The economic numbers Statistics Canada reported this week have everyone talking about the country's sharp drop into recession although, technically speaking, it's premature to be using the R word.
A recession is commonly defined as two consecutive quarters of economic contraction. Canada has had only one. Gross domestic product shrank by 0.8 per cent in the fourth quarter of 2008 but there was growth, albeit not much, in the second and third quarters.
It seems clear that GDP will decline in the first quarter of 2009, making the recession official, but that won't be confirmed until the figures are released, probably in May.
The sudden and severe reversal in Canada's economic fortunes has raised speculation that the recession will be short, with most of the pain felt up front. Bank of Canada governor Mark Carney is convinced that low interest rates and the billions of dollars of government stimulus spending will trigger a rebound in the second half of this year.
Given that consumer spending accounts for about two-thirds of the Canadian economy, it will be largely up to buyers and borrowers to make Carney's prediction come true.
However, consumers face a barrage of media messages warning them to cut spending, reduce debt, increase savings and batten down the hatches to brace for the deluge. And we've been following that advice.
The personal savings rate climbed to 4.7 per cent in the fourth quarter of 2008 from 1.9 per cent in the same quarter a year earlier, while personal expenditure on consumer goods and services fell 0.8 percentage points in the fourth quarter, slowing spending growth to 3.0 per cent for the year, compared with 4.5 per cent in 2007.
So Canadians have cut back spending even though personal disposable income rose -- that's right, rose -- six per cent last year.
It is true that the economic slump is taking a toll on employment. The Canadian unemployment rate jumped to 7.2 per cent in January from 6.6 per cent in December. In British Columbia, the rate increased to 6.1 per cent from 5.3 per cent.
Distressing as these numbers are, they need to be seen in perspective. If 6.1 per cent are unemployed, 93.9 per cent must be working, factoring out the participation rate. Here in B.C., for example, out of a labour force of 2,415,100, 2,267,600 are still gainfully employed and drawing a paycheque that may well be bigger than it was last year.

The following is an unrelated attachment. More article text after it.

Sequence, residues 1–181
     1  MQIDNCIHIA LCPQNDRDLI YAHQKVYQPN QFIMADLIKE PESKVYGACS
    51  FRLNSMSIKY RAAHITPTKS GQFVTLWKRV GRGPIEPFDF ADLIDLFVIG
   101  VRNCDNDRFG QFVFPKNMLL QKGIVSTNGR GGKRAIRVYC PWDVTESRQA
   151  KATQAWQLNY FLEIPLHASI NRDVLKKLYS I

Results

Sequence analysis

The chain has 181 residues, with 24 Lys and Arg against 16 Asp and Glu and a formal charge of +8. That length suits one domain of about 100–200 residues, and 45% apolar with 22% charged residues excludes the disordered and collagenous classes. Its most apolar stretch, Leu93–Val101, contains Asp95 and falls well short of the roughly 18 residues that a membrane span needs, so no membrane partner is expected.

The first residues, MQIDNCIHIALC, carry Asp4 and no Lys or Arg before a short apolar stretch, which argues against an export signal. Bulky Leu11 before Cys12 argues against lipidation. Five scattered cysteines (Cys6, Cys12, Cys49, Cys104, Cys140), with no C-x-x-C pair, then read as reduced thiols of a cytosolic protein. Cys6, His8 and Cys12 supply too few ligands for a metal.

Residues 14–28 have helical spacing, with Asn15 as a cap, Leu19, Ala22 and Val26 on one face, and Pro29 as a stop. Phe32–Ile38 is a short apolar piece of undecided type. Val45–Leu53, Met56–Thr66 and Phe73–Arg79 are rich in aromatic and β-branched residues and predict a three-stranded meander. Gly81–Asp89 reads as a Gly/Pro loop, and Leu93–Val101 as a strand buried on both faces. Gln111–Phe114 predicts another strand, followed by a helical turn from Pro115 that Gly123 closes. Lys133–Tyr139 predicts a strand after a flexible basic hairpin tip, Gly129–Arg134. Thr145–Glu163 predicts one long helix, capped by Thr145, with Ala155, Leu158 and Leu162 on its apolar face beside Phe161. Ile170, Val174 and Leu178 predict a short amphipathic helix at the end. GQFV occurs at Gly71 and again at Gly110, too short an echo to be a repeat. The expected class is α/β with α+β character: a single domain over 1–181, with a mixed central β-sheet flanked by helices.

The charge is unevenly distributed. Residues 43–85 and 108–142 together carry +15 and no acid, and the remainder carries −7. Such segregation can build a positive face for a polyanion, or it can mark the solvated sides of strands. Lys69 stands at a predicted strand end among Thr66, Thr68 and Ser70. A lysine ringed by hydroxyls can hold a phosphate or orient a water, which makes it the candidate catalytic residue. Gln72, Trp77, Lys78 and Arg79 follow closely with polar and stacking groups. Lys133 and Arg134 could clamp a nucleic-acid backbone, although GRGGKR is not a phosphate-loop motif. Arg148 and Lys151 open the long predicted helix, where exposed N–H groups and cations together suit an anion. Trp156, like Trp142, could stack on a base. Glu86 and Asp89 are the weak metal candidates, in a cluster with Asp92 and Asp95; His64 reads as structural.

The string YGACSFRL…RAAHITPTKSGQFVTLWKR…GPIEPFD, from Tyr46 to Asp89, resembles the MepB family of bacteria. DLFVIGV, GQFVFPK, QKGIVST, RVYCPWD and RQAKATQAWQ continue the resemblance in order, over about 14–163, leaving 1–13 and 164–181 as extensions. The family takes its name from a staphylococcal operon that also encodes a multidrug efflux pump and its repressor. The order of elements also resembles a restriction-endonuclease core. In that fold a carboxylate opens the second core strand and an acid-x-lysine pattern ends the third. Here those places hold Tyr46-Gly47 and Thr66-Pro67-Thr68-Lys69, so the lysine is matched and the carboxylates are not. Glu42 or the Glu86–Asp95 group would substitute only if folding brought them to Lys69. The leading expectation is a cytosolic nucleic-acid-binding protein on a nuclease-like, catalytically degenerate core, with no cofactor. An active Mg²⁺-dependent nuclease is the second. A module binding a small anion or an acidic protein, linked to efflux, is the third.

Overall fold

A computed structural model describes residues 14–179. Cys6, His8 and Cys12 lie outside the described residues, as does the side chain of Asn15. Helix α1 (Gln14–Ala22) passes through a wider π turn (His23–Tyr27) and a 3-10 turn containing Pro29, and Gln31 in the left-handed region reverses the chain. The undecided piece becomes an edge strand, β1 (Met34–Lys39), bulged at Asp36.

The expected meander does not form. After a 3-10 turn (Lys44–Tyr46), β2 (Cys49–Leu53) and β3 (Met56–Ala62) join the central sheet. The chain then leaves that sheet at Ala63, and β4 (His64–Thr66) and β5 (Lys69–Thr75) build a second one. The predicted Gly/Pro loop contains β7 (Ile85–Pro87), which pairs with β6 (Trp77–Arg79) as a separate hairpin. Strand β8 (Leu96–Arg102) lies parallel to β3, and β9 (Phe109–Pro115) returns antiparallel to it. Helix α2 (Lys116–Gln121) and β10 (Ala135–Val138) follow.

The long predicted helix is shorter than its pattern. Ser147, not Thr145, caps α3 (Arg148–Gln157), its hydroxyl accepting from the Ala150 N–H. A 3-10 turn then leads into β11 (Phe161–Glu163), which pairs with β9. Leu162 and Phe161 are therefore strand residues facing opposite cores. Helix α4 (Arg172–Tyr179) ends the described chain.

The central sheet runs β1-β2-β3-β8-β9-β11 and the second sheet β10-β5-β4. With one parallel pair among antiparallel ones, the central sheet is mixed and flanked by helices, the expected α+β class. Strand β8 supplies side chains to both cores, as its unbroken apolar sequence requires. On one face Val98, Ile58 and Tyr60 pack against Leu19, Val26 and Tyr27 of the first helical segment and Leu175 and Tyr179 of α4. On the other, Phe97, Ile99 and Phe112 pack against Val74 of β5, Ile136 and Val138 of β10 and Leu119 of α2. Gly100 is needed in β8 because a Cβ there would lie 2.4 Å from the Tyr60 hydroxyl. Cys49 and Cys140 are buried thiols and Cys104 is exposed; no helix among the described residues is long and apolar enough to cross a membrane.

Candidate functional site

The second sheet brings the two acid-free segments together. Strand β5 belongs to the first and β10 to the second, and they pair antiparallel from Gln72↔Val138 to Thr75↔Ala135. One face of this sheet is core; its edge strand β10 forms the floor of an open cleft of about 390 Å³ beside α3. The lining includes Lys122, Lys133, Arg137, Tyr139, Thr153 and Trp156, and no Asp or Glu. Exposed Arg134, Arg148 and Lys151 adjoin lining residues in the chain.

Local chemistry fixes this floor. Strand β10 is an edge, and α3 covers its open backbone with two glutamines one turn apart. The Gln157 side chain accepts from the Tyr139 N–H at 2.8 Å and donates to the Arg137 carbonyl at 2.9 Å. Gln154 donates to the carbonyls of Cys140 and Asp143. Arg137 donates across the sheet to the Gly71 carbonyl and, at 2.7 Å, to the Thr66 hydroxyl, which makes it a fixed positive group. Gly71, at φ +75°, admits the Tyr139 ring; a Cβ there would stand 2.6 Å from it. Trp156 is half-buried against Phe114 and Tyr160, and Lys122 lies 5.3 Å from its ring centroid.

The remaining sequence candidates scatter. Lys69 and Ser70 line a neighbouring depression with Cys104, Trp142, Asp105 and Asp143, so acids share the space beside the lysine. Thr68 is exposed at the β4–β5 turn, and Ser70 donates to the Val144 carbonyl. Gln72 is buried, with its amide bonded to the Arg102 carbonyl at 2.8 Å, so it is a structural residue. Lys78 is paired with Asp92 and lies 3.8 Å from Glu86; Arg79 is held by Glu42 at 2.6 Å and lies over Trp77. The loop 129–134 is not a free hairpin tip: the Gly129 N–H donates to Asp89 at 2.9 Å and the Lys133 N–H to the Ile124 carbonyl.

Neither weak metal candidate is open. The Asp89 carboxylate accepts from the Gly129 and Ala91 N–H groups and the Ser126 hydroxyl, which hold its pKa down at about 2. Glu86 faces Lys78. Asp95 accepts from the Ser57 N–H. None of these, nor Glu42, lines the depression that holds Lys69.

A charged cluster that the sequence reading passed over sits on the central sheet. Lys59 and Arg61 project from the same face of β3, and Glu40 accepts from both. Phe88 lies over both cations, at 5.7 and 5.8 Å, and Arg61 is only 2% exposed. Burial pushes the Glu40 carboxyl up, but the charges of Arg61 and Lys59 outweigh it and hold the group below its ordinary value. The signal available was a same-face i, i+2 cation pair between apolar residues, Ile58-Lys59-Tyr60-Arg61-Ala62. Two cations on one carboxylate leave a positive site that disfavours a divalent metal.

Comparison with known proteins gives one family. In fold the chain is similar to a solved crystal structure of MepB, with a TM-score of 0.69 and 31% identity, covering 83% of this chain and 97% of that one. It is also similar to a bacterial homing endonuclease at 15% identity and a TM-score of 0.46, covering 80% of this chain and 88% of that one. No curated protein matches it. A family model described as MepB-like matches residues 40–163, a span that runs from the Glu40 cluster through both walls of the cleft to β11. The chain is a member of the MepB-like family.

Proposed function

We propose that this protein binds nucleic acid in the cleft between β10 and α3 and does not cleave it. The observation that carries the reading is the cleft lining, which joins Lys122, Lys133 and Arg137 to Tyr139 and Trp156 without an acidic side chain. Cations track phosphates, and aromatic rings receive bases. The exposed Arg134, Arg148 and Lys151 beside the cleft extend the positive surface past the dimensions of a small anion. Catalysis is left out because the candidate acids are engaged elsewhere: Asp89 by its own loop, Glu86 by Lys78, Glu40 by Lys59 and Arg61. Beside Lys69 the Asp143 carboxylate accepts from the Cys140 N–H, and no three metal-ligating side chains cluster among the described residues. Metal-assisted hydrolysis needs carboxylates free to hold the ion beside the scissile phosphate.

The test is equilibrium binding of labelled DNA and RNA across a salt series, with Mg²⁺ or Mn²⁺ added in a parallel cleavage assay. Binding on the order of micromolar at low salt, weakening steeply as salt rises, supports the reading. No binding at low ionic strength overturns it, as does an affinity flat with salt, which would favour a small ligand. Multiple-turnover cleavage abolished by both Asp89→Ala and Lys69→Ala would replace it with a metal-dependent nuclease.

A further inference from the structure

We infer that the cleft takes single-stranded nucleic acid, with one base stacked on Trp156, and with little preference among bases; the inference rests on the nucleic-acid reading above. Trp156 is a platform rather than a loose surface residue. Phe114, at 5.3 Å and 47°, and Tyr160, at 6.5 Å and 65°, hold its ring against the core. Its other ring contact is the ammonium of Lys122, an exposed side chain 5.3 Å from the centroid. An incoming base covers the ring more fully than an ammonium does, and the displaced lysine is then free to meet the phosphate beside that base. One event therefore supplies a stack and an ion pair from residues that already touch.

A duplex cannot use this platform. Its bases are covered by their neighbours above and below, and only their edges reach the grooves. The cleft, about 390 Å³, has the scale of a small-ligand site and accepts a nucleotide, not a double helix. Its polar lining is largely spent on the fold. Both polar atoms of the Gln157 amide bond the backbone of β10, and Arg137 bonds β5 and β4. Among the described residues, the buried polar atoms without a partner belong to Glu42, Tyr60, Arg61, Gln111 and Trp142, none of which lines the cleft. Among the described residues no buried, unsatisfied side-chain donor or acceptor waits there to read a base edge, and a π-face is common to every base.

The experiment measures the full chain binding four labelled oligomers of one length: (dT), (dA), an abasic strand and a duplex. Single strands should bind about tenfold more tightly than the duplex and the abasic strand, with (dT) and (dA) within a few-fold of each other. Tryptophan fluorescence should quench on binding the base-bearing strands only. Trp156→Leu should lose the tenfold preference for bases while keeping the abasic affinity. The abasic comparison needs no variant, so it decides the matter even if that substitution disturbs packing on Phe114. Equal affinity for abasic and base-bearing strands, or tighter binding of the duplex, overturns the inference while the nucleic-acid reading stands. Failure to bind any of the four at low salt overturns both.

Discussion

With interest rates at historic lows and falling prices for many goods and services, it's a buyer's market. In Britain, harder hit than Canada by economic upheaval and where 3.3 million people are expected to be unemployed in 2010, more than 20 per cent of people surveyed said they were comfortable and confident and felt their finances were not adversely affected by the ailing economy. Some said they were better off, and had seen their standard of living improve as prices fell and their mortgage payments were reduced.
In Canada, most banks have reset their prime rates at 2.5 per cent, following the Bank of Canada's half-point cut in its key overnight lending rate, putting the official bank rate at 0.75 per cent. Homeowners with variable rate mortgages should see the benefit immediately, with many now borrowing near the rate of inflation.
Consumers find themselves in an enviable position, giving them a rare upper hand to negotiate with retailers and service providers as businesses compete to win and retain customers. Travel deals abound to try to lure reluctant vacationers to take that long-postponed trip at discount prices.
What's needed to unleash consumer spending is confidence. That's why governments around the world are spending heavily on stimulus programs, shoring up financial institutions and using monetary policy and other measures to make money cheap and available.
There's no denying that the economy is in a slump, but there is a silver lining: It's a bonanza for buyers.
Poll question: Do you feel confident enough about your economic prospects to go out and spend? Answer Yes or No at vancouversun.com/opinion
Well, that's rather decisive. Nearly all of you -- 95.74 per cent -- said you wouldn't go to a payday loan centre to borrow money in an emergency, according to Tuesday's Sun Opinion web poll. The remaining 4.26 per cent of respondents said they would.
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